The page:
Lawmakers this week introduced a bill that would require the Department of Veterans Affairs to document, track and notify Congress of all cases of burn pit exposure reported by veterans.
Rep. Brian Mast, R-Fla., and Rep. Tulsi Gabbard, D-Hawaii, introduced the bipartisan Sfc. Heath Robinson Burn Pit Transparency Act, which they say aims to help burn pit-exposed vets who often have difficulty with VA claims because records of burn pit exposure during military service are often incomplete or nonexistent.
The legislation is named for Sgt. 1st Class Heath Robinson, an Ohio Army National Guard soldier who died last month at 39 after a three-year battle with lung cancer, which he and his family believed was caused by his exposure to burn pits during his Middle East deployment.
“Heath may have died but his legacy will continue through his deeds and sacrifices," said Danielle Robinson, Heath's wife. "He is a man who, after fighting for his country in Iraq and returning safely from a war zone, ended up fighting the battle of his life against the war that followed him home. Heath is at peace knowing his resolve to help other burn pit veterans will continue and it's an honor to have the Sfc. Heath Robinson Burn Pit Transparency Act named after him,."
“There’s no doubt that burn pits are the Agent Orange of our generation. Service members that were exposed in Iraq and Afghanistan are seeing horrible health effects and are dying as a result,” Mast said in a statement Tuesday. “We’ve made progress, but much more must be done, which is why we need this bill to track exposure to burn pits so exposed veterans can get the care they need.”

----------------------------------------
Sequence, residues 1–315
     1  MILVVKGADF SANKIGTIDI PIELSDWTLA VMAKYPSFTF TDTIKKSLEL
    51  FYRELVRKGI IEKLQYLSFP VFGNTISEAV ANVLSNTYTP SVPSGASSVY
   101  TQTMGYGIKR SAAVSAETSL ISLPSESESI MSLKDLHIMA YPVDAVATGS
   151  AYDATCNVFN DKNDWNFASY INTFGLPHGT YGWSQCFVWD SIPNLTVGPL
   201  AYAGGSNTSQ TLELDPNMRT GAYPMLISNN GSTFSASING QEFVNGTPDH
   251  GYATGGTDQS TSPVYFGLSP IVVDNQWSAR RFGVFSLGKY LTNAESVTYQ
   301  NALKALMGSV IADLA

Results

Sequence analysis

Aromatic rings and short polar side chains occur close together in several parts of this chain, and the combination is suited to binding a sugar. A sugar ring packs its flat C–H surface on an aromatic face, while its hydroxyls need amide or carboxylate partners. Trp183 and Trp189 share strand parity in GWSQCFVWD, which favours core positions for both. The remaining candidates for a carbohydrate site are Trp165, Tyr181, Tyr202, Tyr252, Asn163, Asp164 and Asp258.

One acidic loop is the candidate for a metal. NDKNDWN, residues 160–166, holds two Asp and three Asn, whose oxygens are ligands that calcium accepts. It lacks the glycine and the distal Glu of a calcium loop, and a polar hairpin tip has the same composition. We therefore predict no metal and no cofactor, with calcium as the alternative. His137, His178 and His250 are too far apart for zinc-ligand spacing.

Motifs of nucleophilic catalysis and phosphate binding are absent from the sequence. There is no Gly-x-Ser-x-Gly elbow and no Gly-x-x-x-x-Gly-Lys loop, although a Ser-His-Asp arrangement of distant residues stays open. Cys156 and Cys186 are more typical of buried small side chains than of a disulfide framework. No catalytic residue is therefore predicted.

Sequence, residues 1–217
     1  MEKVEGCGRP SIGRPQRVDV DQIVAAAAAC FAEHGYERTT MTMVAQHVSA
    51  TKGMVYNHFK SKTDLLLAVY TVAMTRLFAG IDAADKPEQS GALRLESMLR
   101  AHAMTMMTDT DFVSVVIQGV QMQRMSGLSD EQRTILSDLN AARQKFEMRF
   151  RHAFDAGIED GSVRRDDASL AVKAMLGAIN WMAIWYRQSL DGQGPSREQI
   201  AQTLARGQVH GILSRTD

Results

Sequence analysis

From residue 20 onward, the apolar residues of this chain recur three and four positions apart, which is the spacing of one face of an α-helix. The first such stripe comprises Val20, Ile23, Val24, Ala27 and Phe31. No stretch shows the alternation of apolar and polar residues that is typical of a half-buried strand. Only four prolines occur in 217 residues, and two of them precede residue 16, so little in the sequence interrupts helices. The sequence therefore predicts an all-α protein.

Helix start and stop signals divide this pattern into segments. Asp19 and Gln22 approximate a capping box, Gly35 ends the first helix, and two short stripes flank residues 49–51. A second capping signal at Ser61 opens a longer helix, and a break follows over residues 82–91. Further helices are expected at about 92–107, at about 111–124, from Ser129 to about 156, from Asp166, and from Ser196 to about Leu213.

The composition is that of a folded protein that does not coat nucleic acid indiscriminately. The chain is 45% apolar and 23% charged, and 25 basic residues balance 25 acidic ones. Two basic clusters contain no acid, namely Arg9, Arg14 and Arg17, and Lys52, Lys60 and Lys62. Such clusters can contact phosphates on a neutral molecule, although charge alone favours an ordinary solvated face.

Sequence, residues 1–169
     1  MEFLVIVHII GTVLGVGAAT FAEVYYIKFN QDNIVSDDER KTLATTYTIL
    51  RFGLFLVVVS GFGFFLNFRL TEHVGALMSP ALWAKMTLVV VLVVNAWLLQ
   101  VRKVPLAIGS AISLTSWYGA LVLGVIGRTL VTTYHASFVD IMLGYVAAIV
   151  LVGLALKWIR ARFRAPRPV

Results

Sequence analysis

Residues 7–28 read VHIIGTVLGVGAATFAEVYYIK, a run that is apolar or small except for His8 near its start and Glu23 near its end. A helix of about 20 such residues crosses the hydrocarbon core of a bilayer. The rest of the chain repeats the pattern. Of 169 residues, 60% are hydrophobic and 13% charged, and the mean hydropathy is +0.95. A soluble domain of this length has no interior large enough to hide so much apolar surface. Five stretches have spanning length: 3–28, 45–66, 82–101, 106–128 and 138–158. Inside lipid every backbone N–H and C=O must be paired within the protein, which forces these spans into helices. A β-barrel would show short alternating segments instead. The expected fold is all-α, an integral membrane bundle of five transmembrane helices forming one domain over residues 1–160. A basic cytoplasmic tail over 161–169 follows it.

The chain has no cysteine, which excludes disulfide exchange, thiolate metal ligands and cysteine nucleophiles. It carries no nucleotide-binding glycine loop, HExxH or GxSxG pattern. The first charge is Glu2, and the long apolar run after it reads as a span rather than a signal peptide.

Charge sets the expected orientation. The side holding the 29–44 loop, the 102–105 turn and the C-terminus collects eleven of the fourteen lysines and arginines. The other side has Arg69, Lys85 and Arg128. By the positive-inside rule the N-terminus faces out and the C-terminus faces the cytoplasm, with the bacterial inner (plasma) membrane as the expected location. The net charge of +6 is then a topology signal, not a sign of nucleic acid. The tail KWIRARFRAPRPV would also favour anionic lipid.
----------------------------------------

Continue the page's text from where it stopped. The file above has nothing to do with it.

The legislation builds on a previous bill Mast and Gabbard partnered on, the Burn Pits Accountability act, which passed as part of the fiscal year 2020 National Defense Authorization Act in December.
But the current VA burn pit registry is voluntary, and "many are unaware of it," the lawmakers said. The new bill aims to "close that gap" by making sure that all veterans who discuss their exposure with their doctors are aware of the registry and their chance to be added to it.
VA estimates as many as 3.5 million veterans and service members are eligible for their burn pit and airborne toxic exposure registry. As of last month, more than 204,000 veterans and troops had added their names to the list.
Ohio Sens. Sherrod Brown and Rob Portman introduced a companion bill in the Senate.
For information on how to add yourself to VA's burn pit and airborne hazard registry, click here.
Need help with toxic exposure? Click here for a list of resources and information on VA and Defense Department registries.
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